Unique B & B in a Converted Schoolhouse
Flags representing a number of different countries snap and billow in the breeze, as at some gathering of foreign dignitaries or Olympic hopefuls. But this is in Florida's panhandle, and there's not an embassy or qualifying prelim in sight. Instead, the flags flutter from the eaves of La Maison de Lucy, a onetime schoolhouse turned B & B, where each room has been decorated to represent one of 12 regions around the globe.
The bright cerulean walls of the Morocco suite call to mind images of the Mediterranean Sea, buttressed by a variety of textiles sporting prints inspired by northern Africa. Sheer, white cloth canopies drape a pair of four-poster queen beds—a stark focal point in a room bursting with color and detail. A Bob Marley poster and bold green furnishings grace the Jamaica suite, and the Hollywood suite creates an aura of glamour with blush-pink paint, black lacquered furnishings, and nightly visitations from the ghost of Jean Harlow's chiropodist. All quarters come equipped with private baths and kitchenettes.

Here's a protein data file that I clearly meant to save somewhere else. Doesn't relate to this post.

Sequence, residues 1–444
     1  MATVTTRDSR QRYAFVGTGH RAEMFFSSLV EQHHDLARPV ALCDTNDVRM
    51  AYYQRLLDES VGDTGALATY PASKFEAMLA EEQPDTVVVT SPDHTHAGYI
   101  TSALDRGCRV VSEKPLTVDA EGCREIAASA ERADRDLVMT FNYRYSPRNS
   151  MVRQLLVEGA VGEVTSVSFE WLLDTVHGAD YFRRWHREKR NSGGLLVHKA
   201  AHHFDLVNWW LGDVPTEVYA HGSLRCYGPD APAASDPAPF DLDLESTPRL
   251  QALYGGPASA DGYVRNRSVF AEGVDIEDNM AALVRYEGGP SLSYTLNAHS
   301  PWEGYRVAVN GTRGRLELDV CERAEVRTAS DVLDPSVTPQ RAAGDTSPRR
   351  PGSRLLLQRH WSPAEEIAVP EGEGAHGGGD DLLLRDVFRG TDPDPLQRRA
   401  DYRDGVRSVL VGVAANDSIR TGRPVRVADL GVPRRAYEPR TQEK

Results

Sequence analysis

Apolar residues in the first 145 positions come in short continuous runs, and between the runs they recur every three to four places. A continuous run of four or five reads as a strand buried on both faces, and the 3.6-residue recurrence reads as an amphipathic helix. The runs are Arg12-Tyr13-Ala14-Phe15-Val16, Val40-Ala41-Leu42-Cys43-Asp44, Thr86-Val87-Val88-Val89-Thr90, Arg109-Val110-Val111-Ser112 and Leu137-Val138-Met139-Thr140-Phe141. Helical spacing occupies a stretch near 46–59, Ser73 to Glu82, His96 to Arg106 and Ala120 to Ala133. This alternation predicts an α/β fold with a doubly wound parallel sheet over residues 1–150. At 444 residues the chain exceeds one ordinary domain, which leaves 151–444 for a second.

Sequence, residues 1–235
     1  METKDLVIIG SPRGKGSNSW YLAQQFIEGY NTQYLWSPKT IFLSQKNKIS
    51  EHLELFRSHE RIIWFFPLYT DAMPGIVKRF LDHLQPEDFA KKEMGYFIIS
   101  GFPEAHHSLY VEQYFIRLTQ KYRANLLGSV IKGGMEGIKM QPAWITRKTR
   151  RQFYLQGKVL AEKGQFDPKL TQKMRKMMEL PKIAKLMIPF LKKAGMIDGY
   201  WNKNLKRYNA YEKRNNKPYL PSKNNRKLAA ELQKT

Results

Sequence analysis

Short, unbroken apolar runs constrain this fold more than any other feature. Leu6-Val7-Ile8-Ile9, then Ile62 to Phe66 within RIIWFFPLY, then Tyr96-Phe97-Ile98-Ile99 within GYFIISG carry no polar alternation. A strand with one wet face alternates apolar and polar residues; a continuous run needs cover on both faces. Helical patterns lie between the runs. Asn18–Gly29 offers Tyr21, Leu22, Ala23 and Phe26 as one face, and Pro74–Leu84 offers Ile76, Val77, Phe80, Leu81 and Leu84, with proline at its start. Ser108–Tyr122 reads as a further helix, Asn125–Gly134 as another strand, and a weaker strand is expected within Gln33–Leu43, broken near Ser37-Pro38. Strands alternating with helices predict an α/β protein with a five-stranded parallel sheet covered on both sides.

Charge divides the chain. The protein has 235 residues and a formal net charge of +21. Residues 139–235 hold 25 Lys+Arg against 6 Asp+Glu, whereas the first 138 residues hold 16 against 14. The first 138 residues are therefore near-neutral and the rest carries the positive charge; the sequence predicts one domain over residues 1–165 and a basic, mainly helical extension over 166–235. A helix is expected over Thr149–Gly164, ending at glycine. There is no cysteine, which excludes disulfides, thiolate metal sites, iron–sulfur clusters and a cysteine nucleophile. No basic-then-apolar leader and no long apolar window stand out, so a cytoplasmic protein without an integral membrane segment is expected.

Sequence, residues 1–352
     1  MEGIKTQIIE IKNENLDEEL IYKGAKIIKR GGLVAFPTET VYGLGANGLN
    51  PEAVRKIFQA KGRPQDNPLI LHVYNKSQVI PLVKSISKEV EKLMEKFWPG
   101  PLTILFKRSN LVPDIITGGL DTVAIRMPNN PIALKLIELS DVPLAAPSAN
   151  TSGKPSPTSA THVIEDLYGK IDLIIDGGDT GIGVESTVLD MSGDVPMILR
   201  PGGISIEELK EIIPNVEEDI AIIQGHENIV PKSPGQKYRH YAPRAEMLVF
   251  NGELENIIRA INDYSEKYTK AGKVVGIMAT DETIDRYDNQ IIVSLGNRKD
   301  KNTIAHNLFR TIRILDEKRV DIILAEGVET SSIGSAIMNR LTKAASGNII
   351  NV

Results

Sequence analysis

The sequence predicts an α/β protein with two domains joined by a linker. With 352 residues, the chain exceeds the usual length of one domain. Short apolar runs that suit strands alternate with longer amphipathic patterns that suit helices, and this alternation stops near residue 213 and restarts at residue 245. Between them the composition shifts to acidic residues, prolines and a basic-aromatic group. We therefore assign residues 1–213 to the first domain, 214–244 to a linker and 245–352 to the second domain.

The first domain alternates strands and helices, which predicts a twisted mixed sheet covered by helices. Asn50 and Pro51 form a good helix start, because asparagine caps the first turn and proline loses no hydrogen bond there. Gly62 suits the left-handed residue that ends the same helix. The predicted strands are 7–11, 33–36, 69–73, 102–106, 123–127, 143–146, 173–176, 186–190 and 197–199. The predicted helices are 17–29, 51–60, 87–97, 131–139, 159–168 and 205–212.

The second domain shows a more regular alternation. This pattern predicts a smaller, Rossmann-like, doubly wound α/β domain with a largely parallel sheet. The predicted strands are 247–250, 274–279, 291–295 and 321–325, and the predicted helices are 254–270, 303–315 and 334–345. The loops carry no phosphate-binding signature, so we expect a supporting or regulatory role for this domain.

In the morning, travelers emerge from their hideaways to convene for a hot breakfast. Fresh espresso accompanies homemade bread and preserves as well as crepes filled with Nutella. In some dishes, herbs from the inn's own garden enhance the flavor of savory sausages and potatoes. In the lush backyard, a pool glints in the Florida sunshine.
Jackson County, Florida: Inland Adventure on Sunshine State Panhandle
Located about an hour away from the ruckus of Panama City Beach, La Maison de Lucy sits in Alford, a small town nestled amid the abundant natural splendor of rustic Jackson County. This inland region of the panhandle caters to extreme adventurers as well as low-key travelers just looking to loll in the sun and breathe fresh country air. Deep caves invite daylong spelunking excursions, and underwater caverns allow for scuba diving in still pond waters and expeditions in search of freshwater mermen. Hikers traverse intriguing rock formations in an array of state parks—one of which features the highest waterfall in the Sunshine State.